Acute neuroendocrine stress response to uncompensable heat in endurance trained versus untrained males

Alternative titleAcute neuroendocrine response to uncompensable heat stress in endurance tvained versus untrained males
  1. Get@NRC: Acute neuroendocrine stress response to uncompensable heat in endurance trained versus untrained males (Opens in a new window)
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Proceedings titleMedicine and Science in Sports and Medicine
Conference54th Annual Meeting of the American College of Sports Medicine (ACSM), May30th-June 2nd, 2007, New Orleans, Louisiana
Issue5 Suppl.
AbstractUnderstanding the neuroendocrine stress response to heat stress in trained (TR) versus untrained (UT) individuals may assist in identifying the mechanisms behind improved thermotolerance in TR individuals. Present knowledge suggests that an increase in rectal temperature (Tre) augments the stress response and corresponding hormone and neurotransmitter changes. However, the impact of Tre on the stress hormones in TR and UT individuals is unclear. PURPOSE: The purpose of this study was to examine the neuroendocrine response to acute uncompensable heat stress in TR compared to UT individuals at the same rectal temperatures. METHODS: Eleven TR (Mean ± SE: VO2peak= 68 ± 1 mL-kgLBM-l-mm-1, 11 ± 1 % fat, 24.0 ± 1.2y) and nine UT (VO2peak= 50 ± 1 mL-kgLBM-l-min-1, 15 ± 1% fat, 23.6 ± 1.6y) males walked to exhaustion on a treadmill (4.5 km-h-1, 2% grade) in 40°C and 30% R.H. while wearing combat clothing and a protective overgarment with hood. Venous blood samples were obtained at baseline (prior to heat stress), and at a Tre of 38.0, 38.5, 39.0°C, and exhaustion. Blood was centrifuged, separated, and serum/plasma stored frozen until analyzed for dopamine (DA), norepinephrine (NE), epinephrine (E), and serotonin (5-HT) using gas chromatography/mass spectrometry. RESULTS: Peak Tre reached was 39.7 ± 0.1°C for TR and 39.1 ± 0.1°C for UT, with exercise times of 165 ± 12 min for TR and 106 ± 11 min for UT. At the same absolute intensity of exercise, there were no differences in DA from baseline to a Tre 39°C between TR and UT, however, DA was significantly elevated at exhaustion compared to baseline. In contrast, E and NE increased similarly for both groups with increasing Tre from baseline (Mean ± SE: E=94 ± 17 and 80 ± 21 pg·mL-1, NE=362 ± 33 and 346 ± 31 pg·mL-1) to exhaustion (E=143 ± 28 and 153 ± 11 pg·mL-1, NE=1133 ± 67 and 1204 ± 98 pg·mL-1). Serotonin was significantly greater in TR (57 ± 12 ng·mL-1) versus UT (19 ± 5 ng·mL-1) throughout exercise to 39°C and at exhaustion (TR=51 ± 16 ng·mL-1 and UT=19 ± 4 ng·mL-1). CONCLUSION: In summary, E and NE increased during acute uncompensable heat stress in proportion to the increases in Tre but changes were independent of fitness level, whereas 5-HT was increased with higher fitness levels. Elevations in DA were only detected at exhaustion in both groups.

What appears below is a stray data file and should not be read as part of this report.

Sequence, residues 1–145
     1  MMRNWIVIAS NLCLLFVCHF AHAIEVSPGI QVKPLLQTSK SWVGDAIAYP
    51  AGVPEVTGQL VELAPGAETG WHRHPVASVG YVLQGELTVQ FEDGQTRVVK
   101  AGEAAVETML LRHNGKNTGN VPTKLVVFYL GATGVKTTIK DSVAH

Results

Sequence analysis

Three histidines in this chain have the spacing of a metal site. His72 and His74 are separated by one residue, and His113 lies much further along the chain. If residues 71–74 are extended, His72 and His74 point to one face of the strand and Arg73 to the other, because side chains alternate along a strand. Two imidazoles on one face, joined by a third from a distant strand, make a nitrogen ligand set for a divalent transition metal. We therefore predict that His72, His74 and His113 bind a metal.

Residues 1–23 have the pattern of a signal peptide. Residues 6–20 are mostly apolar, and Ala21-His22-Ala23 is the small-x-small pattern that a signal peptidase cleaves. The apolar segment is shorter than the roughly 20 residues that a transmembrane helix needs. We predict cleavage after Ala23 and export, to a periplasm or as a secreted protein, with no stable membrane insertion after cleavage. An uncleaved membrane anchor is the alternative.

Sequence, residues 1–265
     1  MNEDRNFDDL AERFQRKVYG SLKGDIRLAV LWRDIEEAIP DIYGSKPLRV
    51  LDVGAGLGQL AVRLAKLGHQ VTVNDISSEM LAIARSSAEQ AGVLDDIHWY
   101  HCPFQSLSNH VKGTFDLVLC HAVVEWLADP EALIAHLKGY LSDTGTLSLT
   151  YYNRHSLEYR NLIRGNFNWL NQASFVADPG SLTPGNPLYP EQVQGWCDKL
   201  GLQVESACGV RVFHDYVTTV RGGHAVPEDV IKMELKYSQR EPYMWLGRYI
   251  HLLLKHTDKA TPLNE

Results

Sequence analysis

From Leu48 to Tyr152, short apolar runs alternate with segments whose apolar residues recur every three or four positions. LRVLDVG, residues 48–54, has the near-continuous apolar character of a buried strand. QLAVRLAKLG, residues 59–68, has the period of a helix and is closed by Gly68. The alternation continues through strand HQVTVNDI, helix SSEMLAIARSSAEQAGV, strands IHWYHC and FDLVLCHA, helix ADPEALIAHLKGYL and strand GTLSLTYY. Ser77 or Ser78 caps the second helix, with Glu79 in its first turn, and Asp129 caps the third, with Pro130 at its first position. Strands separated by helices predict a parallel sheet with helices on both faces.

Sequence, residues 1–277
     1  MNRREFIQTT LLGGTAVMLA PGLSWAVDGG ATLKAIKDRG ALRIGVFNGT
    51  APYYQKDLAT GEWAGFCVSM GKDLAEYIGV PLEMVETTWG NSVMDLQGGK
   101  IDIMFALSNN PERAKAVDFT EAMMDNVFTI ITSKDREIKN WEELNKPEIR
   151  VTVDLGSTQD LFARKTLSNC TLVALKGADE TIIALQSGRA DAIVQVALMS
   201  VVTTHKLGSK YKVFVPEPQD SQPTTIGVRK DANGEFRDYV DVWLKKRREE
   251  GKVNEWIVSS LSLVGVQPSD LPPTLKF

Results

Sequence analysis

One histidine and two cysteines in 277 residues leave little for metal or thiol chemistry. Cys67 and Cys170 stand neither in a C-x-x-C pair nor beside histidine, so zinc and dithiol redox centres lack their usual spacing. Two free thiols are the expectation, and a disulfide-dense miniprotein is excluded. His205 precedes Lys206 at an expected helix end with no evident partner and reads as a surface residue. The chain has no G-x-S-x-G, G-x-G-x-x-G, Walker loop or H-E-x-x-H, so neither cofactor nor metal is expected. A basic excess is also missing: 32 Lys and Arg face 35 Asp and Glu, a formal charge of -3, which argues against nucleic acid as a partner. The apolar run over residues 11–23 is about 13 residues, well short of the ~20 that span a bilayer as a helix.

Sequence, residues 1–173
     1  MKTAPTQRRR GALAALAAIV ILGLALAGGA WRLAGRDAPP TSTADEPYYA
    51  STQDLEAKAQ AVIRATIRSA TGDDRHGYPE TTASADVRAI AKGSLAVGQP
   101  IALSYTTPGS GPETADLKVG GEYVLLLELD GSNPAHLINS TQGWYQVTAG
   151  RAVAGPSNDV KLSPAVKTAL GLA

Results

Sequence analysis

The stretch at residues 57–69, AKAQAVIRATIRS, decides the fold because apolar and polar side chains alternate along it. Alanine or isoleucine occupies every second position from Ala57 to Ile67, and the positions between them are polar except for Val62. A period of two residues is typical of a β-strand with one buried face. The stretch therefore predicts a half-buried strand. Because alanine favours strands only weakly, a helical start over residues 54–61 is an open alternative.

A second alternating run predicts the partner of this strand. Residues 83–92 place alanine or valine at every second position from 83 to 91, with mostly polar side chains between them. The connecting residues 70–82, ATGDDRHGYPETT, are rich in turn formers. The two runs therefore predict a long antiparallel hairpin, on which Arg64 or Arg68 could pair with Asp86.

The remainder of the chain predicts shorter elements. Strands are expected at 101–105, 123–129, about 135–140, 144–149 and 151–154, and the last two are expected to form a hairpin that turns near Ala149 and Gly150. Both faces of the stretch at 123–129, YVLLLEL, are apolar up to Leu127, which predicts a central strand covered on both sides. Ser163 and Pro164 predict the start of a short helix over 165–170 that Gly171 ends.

Publication date
PublisherAmerican College of Sports Medicine / Wolters Kluwer
Peer reviewedYes
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NPARC number23001427
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Record identifier5c492618-63c3-4a53-87c3-2381fa2edac9
Record created2017-02-03
Record modified2017-02-28
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